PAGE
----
I prefer to be more selective with what I backup..

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    RAID 10 (IIRC) = Tries to do RAID 1 + 0 which gives you 10. It tries to use 2 HDs to provide a speed boost whilst also keeping parity but from what I read some time ago it doesn't really work in practice.
    It usually known ( well as far as compaq raid cards are concerned ) as raid 0+1 , you have a mirrored set , which you stripe. its nice for sequential write operations , but not so great fro random access ( raid 5 is better for this ) it also give you a greater degree of redundancy which is a mixed blessing - its more fault tolerant , but it also means that you only ever get 50% of the storage you pay for.

    As far as speed goes - the system can write twice as quickly but usualy wont read so fast. However for squential read/write operations ( such as a backup, or a database log file ) its fine
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    How important is your data?

    If it is very important, do NOT rely on another hard drive in the same machine (whether for saving images created by a backup program, by Ghost OR by RAID) for backups.

    Why?

    I had a PSU failure - it took out motherbaord, a £300 video card, a DVD-RAM drive and all three hard drives in that machine!!!!


    This data was important to me. It held all sorts of company-confidential stuff, accounting data, my contact manager database, email archives and so on.

    Fortunately, I ALSO had copies on DAT tape


    What backup strategy is used is usually dictated by how expensive and/or inconvenient it will be if you lose everything.

    I keep Norton Ghost images of system installs, but can reinstall everything from cold if I have too. I also keep data on a separate drive partition from the OS, programs, etc and important data is on a partition of it's own.

    The Important data partition is backed up to DDS-3 DAT tape daily, and ALSO copied to an archive directory on my server. That archive is backed up onto SLR-6 tape automatically. In addition, a scheduled backup copies that partition to a partition on another hard drive in the primary machine. Oh, and tapes, disks etc are in a fire-proof safe.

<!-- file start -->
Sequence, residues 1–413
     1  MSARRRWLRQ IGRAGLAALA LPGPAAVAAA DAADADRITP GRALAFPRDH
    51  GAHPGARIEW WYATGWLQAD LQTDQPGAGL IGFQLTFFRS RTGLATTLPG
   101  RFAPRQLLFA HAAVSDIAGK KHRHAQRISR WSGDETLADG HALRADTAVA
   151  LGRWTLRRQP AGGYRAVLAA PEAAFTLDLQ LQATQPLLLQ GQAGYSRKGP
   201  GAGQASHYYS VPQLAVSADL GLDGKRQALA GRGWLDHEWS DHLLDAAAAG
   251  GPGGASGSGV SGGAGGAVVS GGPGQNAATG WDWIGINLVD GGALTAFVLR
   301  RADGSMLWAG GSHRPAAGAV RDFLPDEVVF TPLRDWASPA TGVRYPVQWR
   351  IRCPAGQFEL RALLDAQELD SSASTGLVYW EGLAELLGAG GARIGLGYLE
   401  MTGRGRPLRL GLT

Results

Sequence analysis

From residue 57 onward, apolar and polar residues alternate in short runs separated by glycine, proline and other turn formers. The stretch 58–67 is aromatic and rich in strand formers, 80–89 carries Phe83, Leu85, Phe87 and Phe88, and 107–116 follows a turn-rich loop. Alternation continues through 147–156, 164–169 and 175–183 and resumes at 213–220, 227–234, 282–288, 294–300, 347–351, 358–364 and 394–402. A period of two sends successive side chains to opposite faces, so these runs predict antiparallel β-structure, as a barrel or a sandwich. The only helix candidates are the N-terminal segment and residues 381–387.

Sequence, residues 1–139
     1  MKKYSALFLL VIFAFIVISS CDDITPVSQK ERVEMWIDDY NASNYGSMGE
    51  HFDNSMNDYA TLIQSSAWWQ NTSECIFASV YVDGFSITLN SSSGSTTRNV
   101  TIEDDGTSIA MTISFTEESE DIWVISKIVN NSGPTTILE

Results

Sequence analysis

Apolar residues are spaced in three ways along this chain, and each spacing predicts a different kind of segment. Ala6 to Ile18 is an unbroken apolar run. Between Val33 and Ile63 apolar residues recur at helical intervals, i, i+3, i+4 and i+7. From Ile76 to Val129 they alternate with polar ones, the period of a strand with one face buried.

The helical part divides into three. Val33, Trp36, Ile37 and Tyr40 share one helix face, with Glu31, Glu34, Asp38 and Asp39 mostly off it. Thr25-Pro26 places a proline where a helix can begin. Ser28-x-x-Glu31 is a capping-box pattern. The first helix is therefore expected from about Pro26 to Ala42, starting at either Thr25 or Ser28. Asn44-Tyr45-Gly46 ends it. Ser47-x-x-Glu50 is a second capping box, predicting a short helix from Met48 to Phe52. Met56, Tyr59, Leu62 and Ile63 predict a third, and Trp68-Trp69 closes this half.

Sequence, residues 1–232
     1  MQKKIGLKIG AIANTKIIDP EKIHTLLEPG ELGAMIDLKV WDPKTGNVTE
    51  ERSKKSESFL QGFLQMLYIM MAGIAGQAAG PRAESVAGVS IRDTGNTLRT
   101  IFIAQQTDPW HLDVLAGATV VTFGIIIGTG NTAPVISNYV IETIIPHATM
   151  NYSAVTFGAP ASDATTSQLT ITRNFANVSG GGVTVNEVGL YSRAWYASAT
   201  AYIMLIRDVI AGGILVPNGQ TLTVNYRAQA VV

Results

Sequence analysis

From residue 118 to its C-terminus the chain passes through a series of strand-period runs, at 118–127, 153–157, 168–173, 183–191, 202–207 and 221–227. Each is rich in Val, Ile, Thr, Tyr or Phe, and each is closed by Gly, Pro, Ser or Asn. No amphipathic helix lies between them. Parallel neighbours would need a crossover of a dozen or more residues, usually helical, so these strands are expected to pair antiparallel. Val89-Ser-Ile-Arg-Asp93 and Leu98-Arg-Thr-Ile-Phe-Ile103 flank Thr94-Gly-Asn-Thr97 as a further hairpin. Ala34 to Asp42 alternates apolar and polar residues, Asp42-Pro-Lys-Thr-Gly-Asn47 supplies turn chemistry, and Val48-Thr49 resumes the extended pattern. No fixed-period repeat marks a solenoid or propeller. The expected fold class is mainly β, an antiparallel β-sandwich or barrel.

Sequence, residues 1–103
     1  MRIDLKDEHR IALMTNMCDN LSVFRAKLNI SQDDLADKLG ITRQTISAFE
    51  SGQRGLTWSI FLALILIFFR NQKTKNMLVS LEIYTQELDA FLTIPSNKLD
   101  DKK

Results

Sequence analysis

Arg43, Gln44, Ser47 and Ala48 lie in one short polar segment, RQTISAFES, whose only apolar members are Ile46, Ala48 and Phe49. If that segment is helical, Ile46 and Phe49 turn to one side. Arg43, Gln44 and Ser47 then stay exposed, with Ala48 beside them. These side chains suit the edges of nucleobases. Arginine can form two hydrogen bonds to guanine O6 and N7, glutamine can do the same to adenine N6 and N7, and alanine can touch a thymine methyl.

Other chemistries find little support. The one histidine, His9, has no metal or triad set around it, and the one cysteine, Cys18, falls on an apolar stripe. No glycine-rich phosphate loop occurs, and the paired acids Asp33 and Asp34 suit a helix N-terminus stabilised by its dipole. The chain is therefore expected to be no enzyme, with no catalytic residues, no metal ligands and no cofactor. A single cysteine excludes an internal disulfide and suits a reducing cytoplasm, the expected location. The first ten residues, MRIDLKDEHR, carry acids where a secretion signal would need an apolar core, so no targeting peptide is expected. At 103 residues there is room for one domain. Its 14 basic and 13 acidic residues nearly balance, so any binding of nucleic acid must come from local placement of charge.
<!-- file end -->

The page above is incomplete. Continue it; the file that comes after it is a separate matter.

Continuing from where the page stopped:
I simply CANNOT afford to lose that data. Among other things, Customs and Excise crucify me if I lost it

    If you just use your machine for games and a bit of web browsing, then backing up is not critical. If the data is important, for pities sake, keep it SOMEWHERE other than on the same machine. If that means CD/DVD, then do that, but NOT on the same machine ..... just in case all hard drives are destroyed at the same time like mine were.

  11. #11
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    Originally posted by Austin
    Don't dismiss DVD Writers. A CD holds 700MB while a DVD holds over 6 times the data. For a rough guide blank CDs cost 20p while blank DVDs cost under £1. CDRW costs £30ish while DVD Writer costs around £100 (4x using both + & -). Since 160GB HDs are no longer expensive as such it would be worth considering that option. For maximum safety you'd want to only connect the HD (power and data cables) when actually backing up (but you could leave it in your case). You could still use CDs/DVDs in order to keep something off-site in case of fire or theft. You could use RAID to create a backup on the fly too.

    Are you sure you need to copy EVERYTHING off the current HDs though? Surely the actual important data is FAR smaller than 2x80GB?